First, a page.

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Englishman’s research turns into historical gem for Christ Church

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Nigel Mac-Fall (above) recently learned that his ancestor, Duell Pead, served as rector of Christ Church Parish in Middlesex from 1683-1690. Mac-Fall began corresponding with church verger Grace Parker and recently donated a copy of a childhood portrait of Pead to the church. Mac-Fall came from England to visit Christ Church Parish on Sunday, July 31. (Photo by Larry Chowning)

by Larry Chowning

Christ Church Parish Episcopal Church is celebrating its 350th anniversary this year and, although not formally part of the event, an ancestor of one of the church’s early rectors came to worship on Sunday, July 31, and commemorated the church’s long history.

A while back, Nigel Mac-Fall of Middlesex, England, which is today part of London, was researching his genealogy and discovered one of his ancestors, Duell Pead, was a rector in Middlesex County, Virginia.

“It will amuse you to know when I started researching the history of my ancestor, ‘Middlesex’ kept coming up,” he said Sunday during the 10:30 a.m. worship service. “I knew Duell Pead had been a minister in a church in London, and London is in Middlesex, but I couldn’t understand the many references to baptizing Negroes and being paid in tobacco. Then the penny dropped, this isn’t the County of Middlesex in England, but Middlesex County in Virginia.

“After that things got really exciting,” he said. “When I found out it was Middlesex, Virginia, I looked to see if the church was still in existence and I could hardly believe it. When I Googled it—it came up!”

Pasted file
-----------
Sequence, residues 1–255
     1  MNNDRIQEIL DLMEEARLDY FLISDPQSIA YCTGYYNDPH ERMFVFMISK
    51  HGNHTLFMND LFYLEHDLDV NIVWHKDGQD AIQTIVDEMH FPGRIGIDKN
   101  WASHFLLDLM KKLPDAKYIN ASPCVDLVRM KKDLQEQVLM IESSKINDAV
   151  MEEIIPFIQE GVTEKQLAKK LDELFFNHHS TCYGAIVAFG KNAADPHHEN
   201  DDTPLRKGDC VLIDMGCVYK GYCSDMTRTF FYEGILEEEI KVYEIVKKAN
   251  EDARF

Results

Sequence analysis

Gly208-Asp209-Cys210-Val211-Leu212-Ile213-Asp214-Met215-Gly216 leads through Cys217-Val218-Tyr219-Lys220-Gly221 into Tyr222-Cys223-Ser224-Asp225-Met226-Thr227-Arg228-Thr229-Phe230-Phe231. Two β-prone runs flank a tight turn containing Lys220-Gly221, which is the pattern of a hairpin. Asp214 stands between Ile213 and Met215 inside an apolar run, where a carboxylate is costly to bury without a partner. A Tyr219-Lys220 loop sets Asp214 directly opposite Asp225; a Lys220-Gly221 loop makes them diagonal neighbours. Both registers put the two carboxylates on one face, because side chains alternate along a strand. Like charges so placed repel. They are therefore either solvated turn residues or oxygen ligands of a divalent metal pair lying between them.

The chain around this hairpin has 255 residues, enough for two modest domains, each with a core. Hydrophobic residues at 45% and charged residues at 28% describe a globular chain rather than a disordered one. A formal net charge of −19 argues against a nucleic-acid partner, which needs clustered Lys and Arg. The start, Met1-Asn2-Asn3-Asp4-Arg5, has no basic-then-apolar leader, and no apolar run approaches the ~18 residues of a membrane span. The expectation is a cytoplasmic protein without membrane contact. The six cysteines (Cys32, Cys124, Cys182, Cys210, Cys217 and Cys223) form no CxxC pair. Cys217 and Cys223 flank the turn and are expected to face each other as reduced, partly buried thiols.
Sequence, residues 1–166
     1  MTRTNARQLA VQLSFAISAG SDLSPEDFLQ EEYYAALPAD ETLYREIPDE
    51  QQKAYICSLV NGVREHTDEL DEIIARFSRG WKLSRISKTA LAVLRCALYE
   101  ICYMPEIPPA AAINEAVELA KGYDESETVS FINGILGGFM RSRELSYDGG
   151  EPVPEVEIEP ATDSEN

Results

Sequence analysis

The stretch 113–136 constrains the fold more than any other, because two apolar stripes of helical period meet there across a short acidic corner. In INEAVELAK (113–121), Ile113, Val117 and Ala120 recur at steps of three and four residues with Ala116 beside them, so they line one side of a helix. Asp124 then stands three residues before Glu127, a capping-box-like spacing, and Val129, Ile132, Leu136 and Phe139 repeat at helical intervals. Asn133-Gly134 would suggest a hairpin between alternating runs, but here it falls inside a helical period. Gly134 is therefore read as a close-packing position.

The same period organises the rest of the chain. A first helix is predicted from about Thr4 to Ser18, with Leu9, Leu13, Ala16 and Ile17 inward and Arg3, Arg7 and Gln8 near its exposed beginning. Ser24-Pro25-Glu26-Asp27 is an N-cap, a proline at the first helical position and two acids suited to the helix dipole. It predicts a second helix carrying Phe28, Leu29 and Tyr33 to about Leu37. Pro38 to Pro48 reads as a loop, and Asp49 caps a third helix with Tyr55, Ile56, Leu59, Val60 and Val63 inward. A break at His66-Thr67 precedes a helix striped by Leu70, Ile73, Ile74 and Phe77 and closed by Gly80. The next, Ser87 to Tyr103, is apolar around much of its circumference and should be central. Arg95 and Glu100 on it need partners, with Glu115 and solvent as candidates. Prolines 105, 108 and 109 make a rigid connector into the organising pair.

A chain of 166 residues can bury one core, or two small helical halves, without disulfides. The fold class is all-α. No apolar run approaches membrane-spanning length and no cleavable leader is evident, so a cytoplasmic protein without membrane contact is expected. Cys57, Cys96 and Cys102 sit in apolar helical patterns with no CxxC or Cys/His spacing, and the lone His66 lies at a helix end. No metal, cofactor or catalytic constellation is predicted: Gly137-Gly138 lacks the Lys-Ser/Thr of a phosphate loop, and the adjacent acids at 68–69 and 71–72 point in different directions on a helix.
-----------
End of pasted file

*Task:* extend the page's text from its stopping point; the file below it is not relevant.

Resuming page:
After this discovery, Mac-Fall contacted Christ Church verger Grace Parker and they began communicating, which eventually led to Mac-Fall’s visit on Sunday.

Mac-Fall’s research led to a discovery of a 17th-century portrait (circa 1661) of Duell Pead as a youngster. He obtained a copy and gave it to the Christ Church Parish. The church had it framed and it now hangs on the wall in the parish hall building.

Mac-Fall also presented a silver plate to the church with Pead’s name and his years of service inscribed. “It is such a privilege to come and worship with you today,” he said. “And, in the same building that my ancestor was minister. I have a feeling times here then were a little rougher than what they are today.”

Interim church rector Rev. Stuart Clary Wood accepted the silver plate and, after thanking Mac-Fall, said Rev. Pead introduced the tradition of holding Communion once a month in the church. Prior to Rev. Pead, Anglicans held Communion three times a year, he noted.

Rev. Duell Pead also preached a sermon in Jamestown in 1686 on a ceremonial occasion. Governor Effingham was so impressed with his sermon that he dispatched a copy to London in the hope, which proved unsuccessful, that it might be published.

When Rev. Pead left Middlesex in 1690, he returned to England and became minister at St. James Church in Clerkenwell, England, today part of London.

“Nigel, who found us and made a tremendous effort to connect with us has given us information we did not have, but are ever enriched to know,” said Parker. “At the moment of our 350th anniversary, he has brought our history to life in a way we did not expect.”

posted 08.03.2016

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